Validation of microRNAs as valid targets in a pediatric sarcoma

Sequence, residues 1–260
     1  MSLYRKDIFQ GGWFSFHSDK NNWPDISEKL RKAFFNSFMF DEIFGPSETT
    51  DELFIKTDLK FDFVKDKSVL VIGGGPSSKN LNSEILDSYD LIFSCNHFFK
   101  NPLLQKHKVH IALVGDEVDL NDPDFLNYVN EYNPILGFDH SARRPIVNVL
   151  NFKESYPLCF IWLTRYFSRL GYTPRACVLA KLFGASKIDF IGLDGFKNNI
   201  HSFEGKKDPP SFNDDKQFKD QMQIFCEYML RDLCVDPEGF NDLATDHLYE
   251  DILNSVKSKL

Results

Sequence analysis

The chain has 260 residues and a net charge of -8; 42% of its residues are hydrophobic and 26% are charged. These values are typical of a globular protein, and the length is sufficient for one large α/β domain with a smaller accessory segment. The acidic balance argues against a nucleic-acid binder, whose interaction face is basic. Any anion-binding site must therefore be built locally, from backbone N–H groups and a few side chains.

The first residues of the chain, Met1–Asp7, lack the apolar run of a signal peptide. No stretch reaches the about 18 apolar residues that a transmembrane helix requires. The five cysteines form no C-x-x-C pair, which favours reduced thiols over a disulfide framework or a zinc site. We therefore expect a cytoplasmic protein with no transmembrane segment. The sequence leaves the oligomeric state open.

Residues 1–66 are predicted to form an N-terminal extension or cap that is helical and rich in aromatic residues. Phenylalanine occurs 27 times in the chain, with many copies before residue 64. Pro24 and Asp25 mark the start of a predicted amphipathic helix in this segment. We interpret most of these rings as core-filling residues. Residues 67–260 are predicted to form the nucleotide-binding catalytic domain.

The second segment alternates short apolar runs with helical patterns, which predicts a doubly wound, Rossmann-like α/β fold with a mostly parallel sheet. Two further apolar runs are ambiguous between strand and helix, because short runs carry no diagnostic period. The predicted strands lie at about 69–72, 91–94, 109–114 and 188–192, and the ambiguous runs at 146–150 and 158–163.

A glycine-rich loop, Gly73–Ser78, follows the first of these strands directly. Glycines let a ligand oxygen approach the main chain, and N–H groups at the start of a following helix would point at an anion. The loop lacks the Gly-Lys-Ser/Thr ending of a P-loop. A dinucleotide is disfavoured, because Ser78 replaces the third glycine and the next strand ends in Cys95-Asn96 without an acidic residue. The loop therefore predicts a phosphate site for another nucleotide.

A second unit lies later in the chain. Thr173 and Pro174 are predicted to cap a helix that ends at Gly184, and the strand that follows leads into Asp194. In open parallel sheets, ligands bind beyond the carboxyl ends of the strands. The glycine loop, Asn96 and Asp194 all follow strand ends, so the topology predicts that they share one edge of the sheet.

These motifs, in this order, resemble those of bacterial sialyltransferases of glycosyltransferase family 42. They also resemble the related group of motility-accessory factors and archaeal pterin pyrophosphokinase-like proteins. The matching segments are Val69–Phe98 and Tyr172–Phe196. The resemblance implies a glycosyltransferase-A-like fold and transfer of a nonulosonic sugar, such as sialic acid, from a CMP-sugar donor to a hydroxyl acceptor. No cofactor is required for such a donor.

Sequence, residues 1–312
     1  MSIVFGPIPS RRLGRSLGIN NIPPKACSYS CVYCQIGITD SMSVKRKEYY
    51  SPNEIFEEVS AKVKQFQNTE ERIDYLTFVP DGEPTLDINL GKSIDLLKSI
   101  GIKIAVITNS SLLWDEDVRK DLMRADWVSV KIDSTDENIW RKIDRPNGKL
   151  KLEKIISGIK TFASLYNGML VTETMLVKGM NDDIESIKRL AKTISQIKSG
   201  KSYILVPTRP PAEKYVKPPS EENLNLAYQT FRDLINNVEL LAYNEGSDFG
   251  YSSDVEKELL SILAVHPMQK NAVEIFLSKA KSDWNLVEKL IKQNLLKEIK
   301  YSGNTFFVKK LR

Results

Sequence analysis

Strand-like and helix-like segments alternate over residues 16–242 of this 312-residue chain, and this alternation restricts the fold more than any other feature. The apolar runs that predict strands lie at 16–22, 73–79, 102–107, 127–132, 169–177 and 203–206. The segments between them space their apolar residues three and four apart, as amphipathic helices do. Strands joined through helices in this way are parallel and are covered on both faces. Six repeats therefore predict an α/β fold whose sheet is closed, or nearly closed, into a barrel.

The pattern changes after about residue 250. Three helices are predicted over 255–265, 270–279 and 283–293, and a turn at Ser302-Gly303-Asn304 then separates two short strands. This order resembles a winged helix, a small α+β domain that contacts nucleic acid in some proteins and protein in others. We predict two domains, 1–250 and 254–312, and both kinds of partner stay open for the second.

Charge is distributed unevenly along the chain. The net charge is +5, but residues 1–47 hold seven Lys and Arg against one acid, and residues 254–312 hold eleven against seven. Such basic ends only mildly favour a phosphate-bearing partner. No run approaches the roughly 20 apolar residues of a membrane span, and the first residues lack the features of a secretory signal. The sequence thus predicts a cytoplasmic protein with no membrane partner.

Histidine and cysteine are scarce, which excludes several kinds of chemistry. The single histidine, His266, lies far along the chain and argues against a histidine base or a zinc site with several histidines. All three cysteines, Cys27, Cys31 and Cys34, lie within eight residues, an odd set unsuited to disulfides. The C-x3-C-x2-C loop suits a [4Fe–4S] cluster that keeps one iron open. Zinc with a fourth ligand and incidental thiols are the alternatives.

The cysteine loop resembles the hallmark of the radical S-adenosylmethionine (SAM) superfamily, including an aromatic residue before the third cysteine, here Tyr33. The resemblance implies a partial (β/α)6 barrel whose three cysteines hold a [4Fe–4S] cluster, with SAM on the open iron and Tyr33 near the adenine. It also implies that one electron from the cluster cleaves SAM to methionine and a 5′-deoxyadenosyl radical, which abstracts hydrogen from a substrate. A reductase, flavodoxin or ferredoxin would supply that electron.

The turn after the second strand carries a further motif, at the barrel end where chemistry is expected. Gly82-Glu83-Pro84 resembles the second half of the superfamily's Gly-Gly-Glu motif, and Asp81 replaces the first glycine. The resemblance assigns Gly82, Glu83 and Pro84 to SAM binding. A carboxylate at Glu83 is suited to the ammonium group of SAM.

Rhabdomyosarcoma is the most common soft tissue cancer in childhood. Despite rigorous clinical trials, the survival for children with high-risk rhabdomyosarcoma has not changed for three decades. The children that do survive often suffer from life-long disfigurements as a result of the aggressive treatment. Thus, there is a tremendous need for the development of novel treatments of this disease. Rhabdomyosarcoma resembles developing skeletal muscle and has been speculated to originate from genetically compromised skeletal muscle progenitors. However, the genes that control rhabdomyosarcoma development remain elusive. MicroRNAs (miRs) are a recently recognized class of genes normally produced in cells that perform critical roles in normal physiology and in disease. Many recent studies illustrate that miRs actively participate in cancer, thus identifying new anti-cancer targets. Unfortunately, very little is known about miRs in rhabdomyosarcoma. My laboratory is focused on understanding how miRs contribute to rhabdomyosarcoma development. The overall goal of my lab is to identify new methods to target and treat this cancer. We have characterized a novel mouse model of rhabdomyosarcoma that more closely represents the human disease and used this model to determine miRs that are overrepresented in these tumors. In this proposal, we utilize genetically engineered mice and human rhabdomyosarcoma cells to determine the role of these overrepresented miRs in rhabdomyosarcoma development. In addition, we are treating rhabdomyosarcoma mice with miR inhibitors as a proof-of-concept for whether we could use these molecules to treat rhabdomyosarcoma. We hope that inhibition of miRs will provide a new strategy to treat rhabdomyosarcoma.